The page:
The United States is deepening its efforts to contain Iran's regional influence and weaken its government, and the main tool in its arsenal is economic sanctions. Its latest round of secondary sanctions on Iran-linked entities strikes at companies that even have tenuous links to the main target and threatens to implicate companies that do business with Iran in any way.
The U.S. Treasury Department's Office of Foreign Assets Control (OFAC) sanctioned 20 Iranian companies and financial institutions and reclassified nine more as Specially Designated Global Terrorist entities subject to secondary U.S. sanctions. While the Treasury Department's imposition of sanctions on Iran is nothing new, the nuances of this latest move mark a significant escalation in U.S. strategy. The 20 businesses are tied to the Bonyad Taayon Basij network, which has established a number of shell companies in Iran's auto, mining, metals and banking sectors to mask ownership as a way to shield itself from sanctions. OFAC now claims that the companies in this network have dealings across the Middle East and Europe that make them worthy targets. The critical difference between this set of sanctions and earlier ones is that the penalized organizations have multiple — in the most extreme case, seven to eight — degrees of separation from the terrorist entity, which is the Basij or the Islamic Revolutionary Guard Corps (IRGC).
Why It Matters
The shift in OFAC guidelines presents a nightmare for corporate compliance officers trying to practice due diligence in monitoring any links to Iranian entities that could be ensnared in a U.S. sanctions net several transactions down the line. The increasingly hard-line and unilateralist approach to U.S. secondary sanctions policy comes as the European Union is still trying to navigate a web of legal complications in setting up a special-purpose vehicle (SPV) to maintain financial transactions with Iran. OFAC's more stringent guidelines will only further hinder those efforts. Moreover, targeting more reputable Iranian entities such as the privately owned Parsian Bank, the sixth-largest company in Iran, further tightens Iran's ability to maintain financial links for basic humanitarian trade. The White House insists that it is maintaining humanitarian carve-outs in its sanctions against Iran, but the International Court of Justice has sounded the alarm that the current direction of the restrictions could amount to a violation of international law. The White House, however, appears to be less concerned about the humanitarian repercussions of sanctions this time around since a big component of its strategy is to create a groundswell of public dissent across Iran that will either coerce it to negotiate on U.S. terms or drive the country toward regime change.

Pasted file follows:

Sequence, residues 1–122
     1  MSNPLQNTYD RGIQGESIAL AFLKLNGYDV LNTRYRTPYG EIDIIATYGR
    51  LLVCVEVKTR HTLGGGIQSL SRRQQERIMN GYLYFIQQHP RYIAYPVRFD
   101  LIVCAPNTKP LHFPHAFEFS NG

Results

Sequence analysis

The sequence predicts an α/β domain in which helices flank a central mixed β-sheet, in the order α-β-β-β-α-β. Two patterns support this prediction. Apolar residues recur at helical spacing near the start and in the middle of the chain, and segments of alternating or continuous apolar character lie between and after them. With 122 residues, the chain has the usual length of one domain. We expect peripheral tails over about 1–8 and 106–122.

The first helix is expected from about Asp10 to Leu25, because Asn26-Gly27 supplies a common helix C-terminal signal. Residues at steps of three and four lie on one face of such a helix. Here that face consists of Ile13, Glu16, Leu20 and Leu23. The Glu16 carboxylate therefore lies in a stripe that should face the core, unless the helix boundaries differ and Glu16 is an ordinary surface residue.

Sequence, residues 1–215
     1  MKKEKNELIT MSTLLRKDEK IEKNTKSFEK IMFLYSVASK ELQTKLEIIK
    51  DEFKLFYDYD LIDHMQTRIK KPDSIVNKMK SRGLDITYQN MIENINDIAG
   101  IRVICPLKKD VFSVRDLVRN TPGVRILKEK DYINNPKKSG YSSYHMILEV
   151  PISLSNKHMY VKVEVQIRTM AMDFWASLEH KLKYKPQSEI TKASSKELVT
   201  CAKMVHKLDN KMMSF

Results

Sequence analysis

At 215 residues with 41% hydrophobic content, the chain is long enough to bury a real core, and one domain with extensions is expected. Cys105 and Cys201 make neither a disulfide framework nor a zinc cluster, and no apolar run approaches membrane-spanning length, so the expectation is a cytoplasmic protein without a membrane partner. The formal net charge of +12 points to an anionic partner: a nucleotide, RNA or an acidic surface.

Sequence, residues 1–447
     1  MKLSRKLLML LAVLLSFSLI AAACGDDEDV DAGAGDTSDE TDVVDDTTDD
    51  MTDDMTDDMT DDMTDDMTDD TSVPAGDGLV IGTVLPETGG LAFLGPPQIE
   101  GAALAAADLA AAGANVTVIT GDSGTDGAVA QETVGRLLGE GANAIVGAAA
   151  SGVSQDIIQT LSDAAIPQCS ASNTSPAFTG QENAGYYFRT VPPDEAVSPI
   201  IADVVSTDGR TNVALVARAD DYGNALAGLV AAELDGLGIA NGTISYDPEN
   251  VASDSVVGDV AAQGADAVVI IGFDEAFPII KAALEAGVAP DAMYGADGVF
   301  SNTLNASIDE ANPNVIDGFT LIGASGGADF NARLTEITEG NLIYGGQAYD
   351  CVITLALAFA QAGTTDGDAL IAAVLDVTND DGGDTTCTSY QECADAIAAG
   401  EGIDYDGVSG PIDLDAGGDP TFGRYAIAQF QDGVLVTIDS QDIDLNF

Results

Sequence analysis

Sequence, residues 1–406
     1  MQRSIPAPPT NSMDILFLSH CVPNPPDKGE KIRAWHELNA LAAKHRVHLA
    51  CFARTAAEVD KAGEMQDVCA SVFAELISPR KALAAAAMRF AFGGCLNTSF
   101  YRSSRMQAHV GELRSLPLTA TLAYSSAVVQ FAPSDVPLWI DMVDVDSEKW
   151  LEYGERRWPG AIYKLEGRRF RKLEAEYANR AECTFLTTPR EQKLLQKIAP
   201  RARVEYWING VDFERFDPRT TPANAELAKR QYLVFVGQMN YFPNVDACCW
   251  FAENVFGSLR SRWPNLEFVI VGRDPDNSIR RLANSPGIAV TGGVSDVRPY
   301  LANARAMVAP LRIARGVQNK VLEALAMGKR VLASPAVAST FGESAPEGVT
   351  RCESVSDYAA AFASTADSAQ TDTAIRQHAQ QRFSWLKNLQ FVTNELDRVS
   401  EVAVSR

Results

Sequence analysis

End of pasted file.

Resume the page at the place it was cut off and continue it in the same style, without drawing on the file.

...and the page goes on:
The OFAC expansion also comes as Iran's political institutions are debating financial reforms that aim to remove it from the international Financial Action Task Force's blacklist and facilitate its financial dealings with willing trading partners. However, if OFAC substantially raises the risk for the European Union and other entities in trying to circumvent a wide U.S. sanctions net, Iranian politicians' motivation to complete the reforms could wane. As a result, Iran will have far fewer options to maintain trade links with the outside world than they did during the last big sanctions wave in 2012 under U.S. President Barack Obama. In addition, the outcome of an internal White House debate over whether to move forward in sanctioning SWIFT, the global financial messaging service, is another potential pressure point that could dry up Iran's external financial links.
Other current and potential sanctions targets of the United States, including China and Russia, will be monitoring the precedent closely as Washington works to sharpen its secondary sanctions tools.
As an illustration of how the latest OFAC sanctions work, take Iran's Sina Bank and Parsian Bank. They are being targeted for providing services to Andisheh Mehvaran Investment Co., which was designated because it is controlled or owned by Iran Zinc Mines Corp., which was designated because it is controlled or owned by Taktar Investment Co., which was designated because it is controlled or owned by Technotar Engineering Co., which was designated because it is controlled or owned by Mehr Eqtesad Iranian Investment Co., which was designated because it is controlled or owned by Mehr Eqtesad Bank, which was designated because it is controlled or owned by Bonyad Taavon Basij, which was designated because it is controlled or owned by the Basij, which was designated because it is controlled or owned by the IRGC — the last two of which are the core sanction targets for terrorist activities. This amounts to seven degrees of separation between the Iranian bank and the Basij and eight for the IRGC. This effectively sends a message that any financial links with Iran could face secondary U.S. sanctions.
FATF deadline: The Financial Action Task Force is meeting for its regular, plenary meeting from Oct. 14 to 19. By passing legislation to counter money laundering and the financing of terrorism, Iran has been working to remove itself from the task force's blacklist and stave off the reimposition of countermeasures. Four pieces of legislation were passed by parliament before the plenary session; three of those have been approved by the Guardian Council, but only one has been completed.
Nov. 4: U.S. sanctions against Iran's energy sector and central bank transactions are reimposed.